I remember meeting, on several occasions, with the rabbi who was going to perform our wedding ceremony. My future husband and I were surprised when he told us we needed to sign a Jewish prenuptial agreement. He asked us to determine an amount of money that my future husband would pay me, on a daily basis, in the event he refused to give me a
(a Jewish divorce). Our rabbi suggested a large sum, and my husband and I laughed as I told him to triple it! Divorce was the furthest thing from our minds, and I knew that my husband was not the type who would refuse to give me a get. Since both of us knew this was never a document we would be using, my husband readily agreed to triple the amount and we signed it.
Looking back, our rabbi was really on to something. What better time to get a future spouse to agree to something then when he or she is happy and excited about the marriage, and divorce is far from anyone’s mind? And while every other week the magazine covers in the supermarket checkout line talk about one celebrity or another signing or not signing a pre-nup, most people have not heard of, or considered, a post-nuptial agreement.
Let me be clear: I do not believe everyone needs a post-nuptial agreement, which is a contract between spouses outlining what will happen financially, or otherwise, in the event the marriage breaks down. However, if you have given up your career (or taken a very long hiatus) to raise children and manage the household, I am suggesting that you at least use this article as food for thought.
Stay-at-home-parents (SAHPs) typically prioritize themselves last. I frequently hear about how they have given up their own careers (and to some extent, lives) for the benefit of their families. Of course, with an intact (and presumably fulfilling, loving, and happy) marriage, what’s the problem? The SAHP’s financial needs are being met, and he or she is able to fully commit to the children and to providing a wonderful home for the entire family, spouse included. If this is your current situation, I hope it lasts for as long as you want it to!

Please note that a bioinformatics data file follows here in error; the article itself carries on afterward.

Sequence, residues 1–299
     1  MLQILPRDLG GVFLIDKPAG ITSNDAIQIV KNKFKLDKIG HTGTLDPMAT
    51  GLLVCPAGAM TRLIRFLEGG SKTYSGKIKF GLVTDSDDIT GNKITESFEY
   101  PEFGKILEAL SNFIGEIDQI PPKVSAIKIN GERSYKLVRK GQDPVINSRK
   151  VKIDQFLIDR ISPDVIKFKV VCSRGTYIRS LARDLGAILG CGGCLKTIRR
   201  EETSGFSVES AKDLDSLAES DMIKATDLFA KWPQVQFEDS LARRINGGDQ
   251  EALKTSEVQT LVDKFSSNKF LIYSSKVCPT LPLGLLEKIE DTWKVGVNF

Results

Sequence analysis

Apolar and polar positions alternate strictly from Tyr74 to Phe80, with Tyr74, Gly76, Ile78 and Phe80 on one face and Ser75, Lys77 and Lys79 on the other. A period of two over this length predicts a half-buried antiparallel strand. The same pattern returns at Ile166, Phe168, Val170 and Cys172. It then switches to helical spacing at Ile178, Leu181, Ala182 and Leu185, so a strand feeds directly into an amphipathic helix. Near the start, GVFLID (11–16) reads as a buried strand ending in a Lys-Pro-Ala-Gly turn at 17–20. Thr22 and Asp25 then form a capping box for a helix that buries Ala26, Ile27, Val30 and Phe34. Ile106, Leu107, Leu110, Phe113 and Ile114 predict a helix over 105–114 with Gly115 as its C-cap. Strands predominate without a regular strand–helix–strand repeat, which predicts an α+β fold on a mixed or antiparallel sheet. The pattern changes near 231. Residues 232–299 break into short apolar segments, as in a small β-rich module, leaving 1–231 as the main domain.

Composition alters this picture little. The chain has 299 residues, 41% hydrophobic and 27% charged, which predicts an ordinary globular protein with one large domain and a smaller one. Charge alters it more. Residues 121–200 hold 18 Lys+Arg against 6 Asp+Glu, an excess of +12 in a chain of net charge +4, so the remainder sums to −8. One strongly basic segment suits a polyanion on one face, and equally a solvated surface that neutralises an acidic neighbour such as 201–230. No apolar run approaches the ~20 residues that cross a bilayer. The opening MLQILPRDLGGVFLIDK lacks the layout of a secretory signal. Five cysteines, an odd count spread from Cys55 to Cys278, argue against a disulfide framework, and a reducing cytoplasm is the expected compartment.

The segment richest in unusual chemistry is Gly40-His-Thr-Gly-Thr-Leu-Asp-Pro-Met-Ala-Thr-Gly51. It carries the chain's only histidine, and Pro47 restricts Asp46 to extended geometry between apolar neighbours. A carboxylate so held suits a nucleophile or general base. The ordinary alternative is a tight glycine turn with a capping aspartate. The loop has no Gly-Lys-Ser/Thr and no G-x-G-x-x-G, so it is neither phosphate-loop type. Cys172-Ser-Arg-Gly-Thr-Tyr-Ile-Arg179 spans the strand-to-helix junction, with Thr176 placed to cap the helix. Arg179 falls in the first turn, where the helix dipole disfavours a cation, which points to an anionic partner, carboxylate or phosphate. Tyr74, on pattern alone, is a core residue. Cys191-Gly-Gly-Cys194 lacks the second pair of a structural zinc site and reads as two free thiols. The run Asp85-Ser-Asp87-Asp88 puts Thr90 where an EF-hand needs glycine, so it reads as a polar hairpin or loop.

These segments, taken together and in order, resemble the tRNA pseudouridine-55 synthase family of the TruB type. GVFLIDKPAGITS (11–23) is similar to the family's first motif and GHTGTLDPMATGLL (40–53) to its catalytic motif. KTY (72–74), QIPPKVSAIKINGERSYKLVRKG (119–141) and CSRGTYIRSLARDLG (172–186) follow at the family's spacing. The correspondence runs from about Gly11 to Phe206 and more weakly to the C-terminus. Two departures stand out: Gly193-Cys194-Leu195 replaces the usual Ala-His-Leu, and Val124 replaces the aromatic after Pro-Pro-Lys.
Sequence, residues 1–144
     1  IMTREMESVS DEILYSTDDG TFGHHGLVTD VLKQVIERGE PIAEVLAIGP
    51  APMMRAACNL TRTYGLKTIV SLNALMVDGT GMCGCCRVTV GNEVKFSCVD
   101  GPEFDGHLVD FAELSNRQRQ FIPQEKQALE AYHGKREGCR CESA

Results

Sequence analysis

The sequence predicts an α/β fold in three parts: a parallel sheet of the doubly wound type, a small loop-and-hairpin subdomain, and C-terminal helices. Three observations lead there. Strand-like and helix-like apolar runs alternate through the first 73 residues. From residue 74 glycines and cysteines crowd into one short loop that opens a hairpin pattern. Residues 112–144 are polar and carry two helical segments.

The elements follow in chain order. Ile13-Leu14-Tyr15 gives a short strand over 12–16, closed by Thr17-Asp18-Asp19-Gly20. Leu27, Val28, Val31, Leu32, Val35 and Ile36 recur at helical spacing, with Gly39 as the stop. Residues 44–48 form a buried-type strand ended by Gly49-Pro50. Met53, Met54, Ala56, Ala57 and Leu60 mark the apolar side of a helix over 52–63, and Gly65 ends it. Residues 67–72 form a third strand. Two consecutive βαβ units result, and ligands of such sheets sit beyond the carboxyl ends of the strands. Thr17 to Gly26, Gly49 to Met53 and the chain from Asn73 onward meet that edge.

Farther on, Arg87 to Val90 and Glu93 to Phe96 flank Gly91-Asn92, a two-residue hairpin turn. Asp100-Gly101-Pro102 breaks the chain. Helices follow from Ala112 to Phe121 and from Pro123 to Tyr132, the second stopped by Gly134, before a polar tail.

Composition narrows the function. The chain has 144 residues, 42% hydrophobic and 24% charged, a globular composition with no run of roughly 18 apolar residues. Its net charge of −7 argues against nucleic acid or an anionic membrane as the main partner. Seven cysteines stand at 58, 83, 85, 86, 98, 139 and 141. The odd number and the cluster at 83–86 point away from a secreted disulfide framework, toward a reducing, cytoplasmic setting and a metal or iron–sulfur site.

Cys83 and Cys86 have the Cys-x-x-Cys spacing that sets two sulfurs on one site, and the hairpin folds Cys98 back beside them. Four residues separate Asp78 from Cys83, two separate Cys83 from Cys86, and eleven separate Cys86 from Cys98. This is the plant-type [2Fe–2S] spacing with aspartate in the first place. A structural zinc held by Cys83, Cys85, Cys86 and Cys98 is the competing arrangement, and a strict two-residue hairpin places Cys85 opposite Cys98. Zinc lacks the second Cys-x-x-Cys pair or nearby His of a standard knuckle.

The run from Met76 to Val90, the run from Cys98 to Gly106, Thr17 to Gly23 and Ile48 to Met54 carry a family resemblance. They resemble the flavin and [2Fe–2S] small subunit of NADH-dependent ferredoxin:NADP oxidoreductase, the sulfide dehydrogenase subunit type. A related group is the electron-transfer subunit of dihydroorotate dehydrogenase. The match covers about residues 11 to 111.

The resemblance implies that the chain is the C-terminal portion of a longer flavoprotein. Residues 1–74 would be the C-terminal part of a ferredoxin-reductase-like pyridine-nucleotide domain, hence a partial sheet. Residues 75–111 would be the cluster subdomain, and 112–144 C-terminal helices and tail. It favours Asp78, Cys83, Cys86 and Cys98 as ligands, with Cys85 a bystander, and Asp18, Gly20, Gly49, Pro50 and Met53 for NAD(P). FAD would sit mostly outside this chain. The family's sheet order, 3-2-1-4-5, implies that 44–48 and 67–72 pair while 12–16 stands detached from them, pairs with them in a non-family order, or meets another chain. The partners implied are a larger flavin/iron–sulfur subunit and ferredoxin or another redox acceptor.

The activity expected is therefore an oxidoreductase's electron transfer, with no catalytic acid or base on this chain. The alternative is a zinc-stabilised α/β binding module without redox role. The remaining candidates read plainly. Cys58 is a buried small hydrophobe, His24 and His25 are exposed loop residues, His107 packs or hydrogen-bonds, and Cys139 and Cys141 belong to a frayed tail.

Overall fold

But, I’m a divorce lawyer and coach. I know the prevalence of divorce. I know how much, or how little, soon-to-be ex-spouses want to pay each other. Let’s just say that it is far, far, far less than the triple I got my husband to agree to pay when we met with our rabbi before the wedding.
If you’ve traded networking for nap schedules and boardrooms for baby food, have you considered the difficulty you may have trying to re-enter the workforce in the event of a divorce? How are you going to be able to provide for yourself in the event of a divorce if your judge, likely a working parent as well, is unsympathetic and awards you little or no spousal maintenance (a.k.a. alimony)? Additionally, if you are looking to interview and get back into the work force, don’t discount that a potential employer (or if you are hired, a new employer) may be able to see that you are unfocused as you deal with the financial strain and emotional difficulties inherent with the dissolution of a marriage and for many, the experience of not seeing your children every day.
Of course money does not fix everything – but the reality is that it can certainly help ease some burdens a newly divorced and former SAHP may be facing. A post-nuptial agreement could provide for spousal maintenance for a period of time that it might take to emotionally recover from a divorce and/or get you back on your professional feet. There are no unions or collective bargaining power for SAHPs. Simply stated, you need to be your own advocate.
Just like my rabbi caught us at the time my husband was apt to be his most generous toward me, if you are a stay-at-home parent, consider having a conversation with your own spouse, while you are happily married, about how to ensure your financial safety in the event of a divorce.
Jennifer K. Mittelman is a coach and attorney who helps people navigate major life transitions. Visit her coaching website at www.yourbrickroad.com.